Two conflicting reports re: babies/toddlers sitting in wet diapers for a long time

PurpleScorpion

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When perusing various parenting sites and the like, I saw two separate pieces of advice with regard to potty training prep through the act of diaper changing:

1. "You should let your baby/toddler sit in a wet diaper for a little bit-obviously not long enough to get a rash, but long enough that they can feel the wetness. That way, when potty training starts, they're more aware of how wetness feels than if you had changed them as soon as they wet and thus they were always dry."

2. "Change your baby/toddler immediately after they wet their diaper. If they sit in wet diapers too long, they'll start to like the feeling, and potty training them will be a nightmare! If they never really feel wet, having an accident will come as a shock to them and make them not wanna have any more of them."

Any parents, aunts/uncles, grandparents, etc. on here wanna weigh in on which of the two is more correct?
 
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Obligatory “Not a parent, but” statement

My experience with my nieces and nephews has been more dependent on the temperament of the kid than anything else. Some were very aware and ready to go around 2, a few others took a decent bit longer, I don’t know if I would correlate it with either of the above though.

That being said, my sisters first kid was 150% easier to potty train than my sisters now third kid, and she definitely changed the first kid far sooner but that was also her first and only at the time so she had that new parent anxiety.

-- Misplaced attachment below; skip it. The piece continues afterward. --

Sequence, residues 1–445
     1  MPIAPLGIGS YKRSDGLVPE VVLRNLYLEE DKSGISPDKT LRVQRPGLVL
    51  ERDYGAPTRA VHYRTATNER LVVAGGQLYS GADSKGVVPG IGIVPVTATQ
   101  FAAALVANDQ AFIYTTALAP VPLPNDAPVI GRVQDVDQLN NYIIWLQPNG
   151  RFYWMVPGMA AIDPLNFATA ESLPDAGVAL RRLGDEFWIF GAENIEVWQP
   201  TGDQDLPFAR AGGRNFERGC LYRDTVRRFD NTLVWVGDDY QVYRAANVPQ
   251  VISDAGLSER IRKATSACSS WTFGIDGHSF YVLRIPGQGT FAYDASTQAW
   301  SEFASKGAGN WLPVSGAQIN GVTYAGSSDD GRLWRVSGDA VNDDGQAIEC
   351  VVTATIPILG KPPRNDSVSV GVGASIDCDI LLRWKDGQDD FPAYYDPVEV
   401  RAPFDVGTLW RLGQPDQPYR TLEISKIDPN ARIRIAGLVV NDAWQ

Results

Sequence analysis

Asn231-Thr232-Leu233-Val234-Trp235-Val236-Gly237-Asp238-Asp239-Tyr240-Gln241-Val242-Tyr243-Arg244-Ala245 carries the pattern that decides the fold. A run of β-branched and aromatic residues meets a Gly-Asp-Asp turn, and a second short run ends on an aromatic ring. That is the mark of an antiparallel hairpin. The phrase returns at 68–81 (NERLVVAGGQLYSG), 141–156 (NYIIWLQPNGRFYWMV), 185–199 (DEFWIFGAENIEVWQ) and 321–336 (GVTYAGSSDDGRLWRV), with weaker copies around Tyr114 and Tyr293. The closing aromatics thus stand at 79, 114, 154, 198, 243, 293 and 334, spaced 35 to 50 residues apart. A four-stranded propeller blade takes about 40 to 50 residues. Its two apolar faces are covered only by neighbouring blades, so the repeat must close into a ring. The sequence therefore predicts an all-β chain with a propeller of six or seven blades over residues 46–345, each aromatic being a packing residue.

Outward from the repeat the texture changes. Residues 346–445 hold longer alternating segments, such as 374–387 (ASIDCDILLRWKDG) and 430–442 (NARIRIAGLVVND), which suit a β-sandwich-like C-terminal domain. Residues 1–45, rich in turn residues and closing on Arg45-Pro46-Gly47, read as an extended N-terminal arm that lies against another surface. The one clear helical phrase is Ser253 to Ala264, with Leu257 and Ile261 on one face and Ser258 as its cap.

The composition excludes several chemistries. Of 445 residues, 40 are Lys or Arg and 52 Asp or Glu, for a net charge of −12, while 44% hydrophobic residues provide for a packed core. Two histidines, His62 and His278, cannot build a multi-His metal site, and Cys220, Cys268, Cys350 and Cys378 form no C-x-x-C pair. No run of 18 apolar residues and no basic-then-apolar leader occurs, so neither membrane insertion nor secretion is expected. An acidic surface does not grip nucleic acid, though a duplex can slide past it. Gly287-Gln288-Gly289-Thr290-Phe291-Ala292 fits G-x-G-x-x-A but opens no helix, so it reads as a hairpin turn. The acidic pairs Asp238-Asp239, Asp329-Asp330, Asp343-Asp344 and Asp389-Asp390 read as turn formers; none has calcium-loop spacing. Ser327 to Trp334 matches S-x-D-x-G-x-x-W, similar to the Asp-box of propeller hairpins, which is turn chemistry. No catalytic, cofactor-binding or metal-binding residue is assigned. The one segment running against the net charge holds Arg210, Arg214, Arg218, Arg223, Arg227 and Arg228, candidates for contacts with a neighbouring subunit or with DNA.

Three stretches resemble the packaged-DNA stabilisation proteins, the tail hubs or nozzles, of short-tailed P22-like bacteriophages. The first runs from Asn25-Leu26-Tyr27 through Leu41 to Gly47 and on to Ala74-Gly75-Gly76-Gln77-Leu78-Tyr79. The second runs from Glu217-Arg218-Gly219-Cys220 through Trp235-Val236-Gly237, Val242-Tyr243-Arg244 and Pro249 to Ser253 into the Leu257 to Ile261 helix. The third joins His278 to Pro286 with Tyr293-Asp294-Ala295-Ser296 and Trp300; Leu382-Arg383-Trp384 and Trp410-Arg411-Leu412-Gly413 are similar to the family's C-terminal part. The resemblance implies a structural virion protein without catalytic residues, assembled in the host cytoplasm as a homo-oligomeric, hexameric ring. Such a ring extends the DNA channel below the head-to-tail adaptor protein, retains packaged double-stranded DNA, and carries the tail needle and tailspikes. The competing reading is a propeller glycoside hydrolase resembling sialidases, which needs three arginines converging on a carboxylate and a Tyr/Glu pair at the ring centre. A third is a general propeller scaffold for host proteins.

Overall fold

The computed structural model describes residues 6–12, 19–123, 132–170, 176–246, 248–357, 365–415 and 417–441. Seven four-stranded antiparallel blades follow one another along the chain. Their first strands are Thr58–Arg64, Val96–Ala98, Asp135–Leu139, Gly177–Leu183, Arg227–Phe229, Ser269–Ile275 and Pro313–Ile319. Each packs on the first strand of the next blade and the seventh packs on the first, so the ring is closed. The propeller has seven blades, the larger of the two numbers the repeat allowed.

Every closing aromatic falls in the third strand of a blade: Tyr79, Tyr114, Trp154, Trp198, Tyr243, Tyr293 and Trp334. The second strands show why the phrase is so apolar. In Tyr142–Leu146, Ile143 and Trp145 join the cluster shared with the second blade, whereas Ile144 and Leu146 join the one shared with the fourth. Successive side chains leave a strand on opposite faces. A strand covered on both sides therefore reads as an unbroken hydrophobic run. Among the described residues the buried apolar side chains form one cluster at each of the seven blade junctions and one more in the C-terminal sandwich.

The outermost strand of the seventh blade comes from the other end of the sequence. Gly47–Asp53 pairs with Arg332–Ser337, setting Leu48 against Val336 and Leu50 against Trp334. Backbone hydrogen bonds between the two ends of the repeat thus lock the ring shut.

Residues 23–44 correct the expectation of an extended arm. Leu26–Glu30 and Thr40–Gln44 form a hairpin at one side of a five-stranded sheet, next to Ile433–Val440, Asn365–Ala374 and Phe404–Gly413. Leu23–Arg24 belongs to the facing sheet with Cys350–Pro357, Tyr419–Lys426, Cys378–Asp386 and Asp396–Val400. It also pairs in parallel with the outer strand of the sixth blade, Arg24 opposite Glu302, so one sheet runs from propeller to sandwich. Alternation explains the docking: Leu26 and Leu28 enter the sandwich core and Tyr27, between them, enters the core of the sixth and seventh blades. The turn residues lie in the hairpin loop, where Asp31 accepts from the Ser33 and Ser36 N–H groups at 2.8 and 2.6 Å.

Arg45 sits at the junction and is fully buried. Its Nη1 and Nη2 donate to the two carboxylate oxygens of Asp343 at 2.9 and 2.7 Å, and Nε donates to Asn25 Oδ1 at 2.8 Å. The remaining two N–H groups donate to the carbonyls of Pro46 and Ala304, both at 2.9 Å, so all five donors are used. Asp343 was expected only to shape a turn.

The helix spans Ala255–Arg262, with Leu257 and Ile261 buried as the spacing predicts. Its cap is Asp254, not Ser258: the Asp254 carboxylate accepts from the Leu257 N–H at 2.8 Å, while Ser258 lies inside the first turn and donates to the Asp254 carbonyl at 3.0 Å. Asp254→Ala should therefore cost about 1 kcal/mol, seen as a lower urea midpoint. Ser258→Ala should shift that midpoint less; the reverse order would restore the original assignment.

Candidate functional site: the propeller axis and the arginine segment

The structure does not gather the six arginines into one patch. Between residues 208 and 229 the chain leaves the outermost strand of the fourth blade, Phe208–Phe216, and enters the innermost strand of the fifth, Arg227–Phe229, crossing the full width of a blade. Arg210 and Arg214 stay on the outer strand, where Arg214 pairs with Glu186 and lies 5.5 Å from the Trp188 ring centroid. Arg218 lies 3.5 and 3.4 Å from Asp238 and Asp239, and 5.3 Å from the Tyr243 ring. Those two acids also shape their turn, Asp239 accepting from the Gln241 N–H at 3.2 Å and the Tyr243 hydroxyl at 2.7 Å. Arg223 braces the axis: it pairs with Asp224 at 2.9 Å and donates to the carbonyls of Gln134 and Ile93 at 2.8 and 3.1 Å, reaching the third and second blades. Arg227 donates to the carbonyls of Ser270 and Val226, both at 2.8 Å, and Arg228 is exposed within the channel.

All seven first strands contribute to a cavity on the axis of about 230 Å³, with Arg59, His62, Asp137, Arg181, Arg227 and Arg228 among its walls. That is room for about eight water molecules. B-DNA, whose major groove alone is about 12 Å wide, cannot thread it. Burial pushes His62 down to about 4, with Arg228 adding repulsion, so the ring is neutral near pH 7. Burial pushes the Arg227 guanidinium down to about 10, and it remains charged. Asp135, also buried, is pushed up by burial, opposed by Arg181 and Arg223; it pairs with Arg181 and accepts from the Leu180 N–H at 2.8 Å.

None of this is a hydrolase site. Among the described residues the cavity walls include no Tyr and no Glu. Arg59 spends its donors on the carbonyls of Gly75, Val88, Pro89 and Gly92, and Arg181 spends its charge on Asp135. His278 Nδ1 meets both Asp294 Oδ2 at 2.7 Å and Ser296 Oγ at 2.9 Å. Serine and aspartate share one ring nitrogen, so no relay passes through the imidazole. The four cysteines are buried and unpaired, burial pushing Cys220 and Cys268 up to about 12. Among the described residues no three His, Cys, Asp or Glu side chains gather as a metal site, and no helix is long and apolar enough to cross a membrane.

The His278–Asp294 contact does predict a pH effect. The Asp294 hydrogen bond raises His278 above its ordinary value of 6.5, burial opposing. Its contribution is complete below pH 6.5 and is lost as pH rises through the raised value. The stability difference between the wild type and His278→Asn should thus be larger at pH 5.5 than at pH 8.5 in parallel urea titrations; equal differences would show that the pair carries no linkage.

Like most things on the internet, you should take this with a grain of salt. Every child is different with potty training. We let our son take his time and when he was ready, it was easy peasy.
 
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I'm a parent of two. They're both in high school now, but I remember their diaper years well enough.

I'd be skeptical of advice based on "feeling wet" unless you're using cloth diapers, and even then it's unlikely to hold true for every child. Wife and I cloth-diapered our kids, initially full-time and later just around the house. I wouldn't say that feeling wet, or the level of urgency given to changing their diapers, had much of an effect on potty training. I really think the biggest thing was just having role models who used the toilet.

Our oldest (daughter) had as a role model an older girl that my wife used to nanny during the day. Our youngest (son) had as a role model his older sister. For both of them, seeing an older child using the toilet clearly had a major influence. Our daughter was done with diapers, day and night, at 20 months. She required no encouragement. Our son took a bit longer, but not for lack of interest. He really wanted to be like his older sister, but was very accident-prone. Physically, he just needed a little more time, and was a poster child for training pants.

Kids are natural born imitators. I mostly think that if you want a kid to do something, you model it somehow. If your kid's never seen you or another kid using the toilet, and you push them to use it, their brain's probably going, "But why? Why am I being singled out?" We're a culture of intense privacy when it comes to bathroom stuff these days, but when you're trying to teach kids, who naturally learn by example, how to use the bathroom, going in and immediately closing the door behind you is counterproductive. I really think that's where a lot of parents screw up: They make bathroom stuff a mystery.